|By Admin1 (admin) on Monday, July 02, 2001 - 1:21 pm: Edit Post|
Greetings from the Peace Corps by Emeka Korn, PCV, Guinea
Greetings from the Peace Corps by Emeka Korn, PCV, Guinea
Greetings from the
Dear City Honors Community,
I am writing you from the upper region of Guinea. I live in a village called Dialakoro, about 1/4 mile from the Niger River. It has about 3,000 people. Some say I live in a hut , but I like to refer to it as an upper Guinean efficiency.
The Peace Corps experience has given me a new perspective on education, as well as life in a small town with nothing to do.
One of the problems I dealt with in education in Texas was with all the Hispanic kids coming into schools not speaking English. For these kids, the language never ceases to be a problem since they speak primarily Spanish at home. Here, the language of the school and government is French. But nobody speaks that at home. The entire education system is a second language for every student. It is almost expected that kids will repeat two or three grades during primary school. Most of my ninth grade class is 18 or 19 years old.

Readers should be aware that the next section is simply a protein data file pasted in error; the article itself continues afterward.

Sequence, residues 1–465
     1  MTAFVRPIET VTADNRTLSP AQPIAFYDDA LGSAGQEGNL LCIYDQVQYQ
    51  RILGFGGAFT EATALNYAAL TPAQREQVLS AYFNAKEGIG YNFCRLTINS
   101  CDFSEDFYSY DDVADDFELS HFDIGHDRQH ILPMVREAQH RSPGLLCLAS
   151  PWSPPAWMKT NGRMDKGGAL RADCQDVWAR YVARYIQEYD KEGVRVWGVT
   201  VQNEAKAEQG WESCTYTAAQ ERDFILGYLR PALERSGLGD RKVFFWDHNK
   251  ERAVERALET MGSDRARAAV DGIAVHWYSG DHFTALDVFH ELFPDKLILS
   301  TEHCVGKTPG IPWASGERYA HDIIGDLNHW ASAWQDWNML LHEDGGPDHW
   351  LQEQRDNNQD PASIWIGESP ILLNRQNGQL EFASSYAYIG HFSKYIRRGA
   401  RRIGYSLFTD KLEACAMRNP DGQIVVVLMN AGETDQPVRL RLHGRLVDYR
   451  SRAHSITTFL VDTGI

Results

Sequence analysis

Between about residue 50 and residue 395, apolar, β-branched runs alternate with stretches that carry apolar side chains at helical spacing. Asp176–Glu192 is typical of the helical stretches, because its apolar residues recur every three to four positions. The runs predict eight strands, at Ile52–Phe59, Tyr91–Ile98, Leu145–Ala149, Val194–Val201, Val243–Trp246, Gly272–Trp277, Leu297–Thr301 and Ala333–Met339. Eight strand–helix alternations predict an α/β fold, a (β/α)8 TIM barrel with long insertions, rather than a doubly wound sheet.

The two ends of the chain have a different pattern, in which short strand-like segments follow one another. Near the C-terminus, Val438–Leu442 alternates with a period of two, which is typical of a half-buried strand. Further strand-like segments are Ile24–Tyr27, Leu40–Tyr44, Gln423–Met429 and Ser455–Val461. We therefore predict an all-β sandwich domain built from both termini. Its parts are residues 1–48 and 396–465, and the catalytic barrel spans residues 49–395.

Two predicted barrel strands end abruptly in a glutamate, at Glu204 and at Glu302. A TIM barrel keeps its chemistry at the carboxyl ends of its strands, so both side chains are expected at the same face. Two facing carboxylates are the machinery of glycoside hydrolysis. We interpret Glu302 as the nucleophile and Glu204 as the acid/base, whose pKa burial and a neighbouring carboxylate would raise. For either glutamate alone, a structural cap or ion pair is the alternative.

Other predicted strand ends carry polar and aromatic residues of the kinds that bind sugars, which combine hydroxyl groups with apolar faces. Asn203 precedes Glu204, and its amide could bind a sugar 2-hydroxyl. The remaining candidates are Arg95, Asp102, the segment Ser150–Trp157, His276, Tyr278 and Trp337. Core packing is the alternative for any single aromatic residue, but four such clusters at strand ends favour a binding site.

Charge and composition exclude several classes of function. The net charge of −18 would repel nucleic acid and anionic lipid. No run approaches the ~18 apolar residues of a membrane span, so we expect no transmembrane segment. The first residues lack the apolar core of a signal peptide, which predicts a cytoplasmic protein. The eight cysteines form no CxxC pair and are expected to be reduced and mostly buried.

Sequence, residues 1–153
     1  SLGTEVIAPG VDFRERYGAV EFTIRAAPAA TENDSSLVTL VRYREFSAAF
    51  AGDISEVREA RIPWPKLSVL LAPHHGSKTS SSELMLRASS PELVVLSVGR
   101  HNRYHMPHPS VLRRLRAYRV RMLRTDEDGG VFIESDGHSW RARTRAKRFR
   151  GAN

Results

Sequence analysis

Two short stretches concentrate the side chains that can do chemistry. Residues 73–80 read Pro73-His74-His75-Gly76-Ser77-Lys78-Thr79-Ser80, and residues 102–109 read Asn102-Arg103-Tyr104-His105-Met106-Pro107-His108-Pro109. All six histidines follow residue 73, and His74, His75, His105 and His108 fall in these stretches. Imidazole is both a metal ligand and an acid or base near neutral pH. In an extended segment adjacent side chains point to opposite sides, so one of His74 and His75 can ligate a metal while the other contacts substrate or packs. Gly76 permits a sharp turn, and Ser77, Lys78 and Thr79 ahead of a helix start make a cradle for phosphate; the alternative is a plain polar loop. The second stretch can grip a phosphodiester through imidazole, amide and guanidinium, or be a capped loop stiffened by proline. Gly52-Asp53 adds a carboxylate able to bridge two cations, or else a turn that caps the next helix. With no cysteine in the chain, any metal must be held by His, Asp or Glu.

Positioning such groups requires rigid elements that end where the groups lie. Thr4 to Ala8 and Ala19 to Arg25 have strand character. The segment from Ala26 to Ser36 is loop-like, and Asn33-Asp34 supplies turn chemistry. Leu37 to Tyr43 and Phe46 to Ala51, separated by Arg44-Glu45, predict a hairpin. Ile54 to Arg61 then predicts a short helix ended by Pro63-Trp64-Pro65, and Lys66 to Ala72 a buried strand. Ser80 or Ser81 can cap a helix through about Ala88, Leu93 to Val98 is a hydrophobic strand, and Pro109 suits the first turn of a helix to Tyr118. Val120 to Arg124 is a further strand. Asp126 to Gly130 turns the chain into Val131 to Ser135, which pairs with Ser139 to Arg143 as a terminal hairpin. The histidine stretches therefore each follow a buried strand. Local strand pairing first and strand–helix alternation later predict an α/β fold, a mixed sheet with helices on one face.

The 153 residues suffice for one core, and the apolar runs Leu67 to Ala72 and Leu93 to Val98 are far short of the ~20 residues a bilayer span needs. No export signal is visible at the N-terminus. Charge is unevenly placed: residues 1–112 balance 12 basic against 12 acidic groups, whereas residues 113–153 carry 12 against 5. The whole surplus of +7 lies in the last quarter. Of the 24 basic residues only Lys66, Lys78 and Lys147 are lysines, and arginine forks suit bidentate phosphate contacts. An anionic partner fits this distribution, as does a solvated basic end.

The access to education is also limited. The government doesn’t have the resources to educate everyone, so it has a series of national exams designed to weed out students every couple of years. There is one after 6th, 10th, and terminal (grade 13). The rate of passing for each is something like 30%. In my school five kids have passed the 10th grade exam, called the Brev’et, in the past two years. If kids make it to the tenth grade they are considered of the intelligentsia of Guinea.
Another interesting recourse of this is that the teachers and staff at the middle school, called a college here, are the most educated people and the most respected people in the village. If a delegation comes to town from the regional capital, school is canceled so we can greet the delegation. Not all parts of the Guinea speak the same native language, and we’re of the few people in town who can speak French intelligibly.
The native language in my area is called Malinke’. I definitely hear that more than French, and am learning it slowly. It is not a very complicated language, but the sounds are very foreign to me. As yet I can greet people and say simple things referring to bodily functions.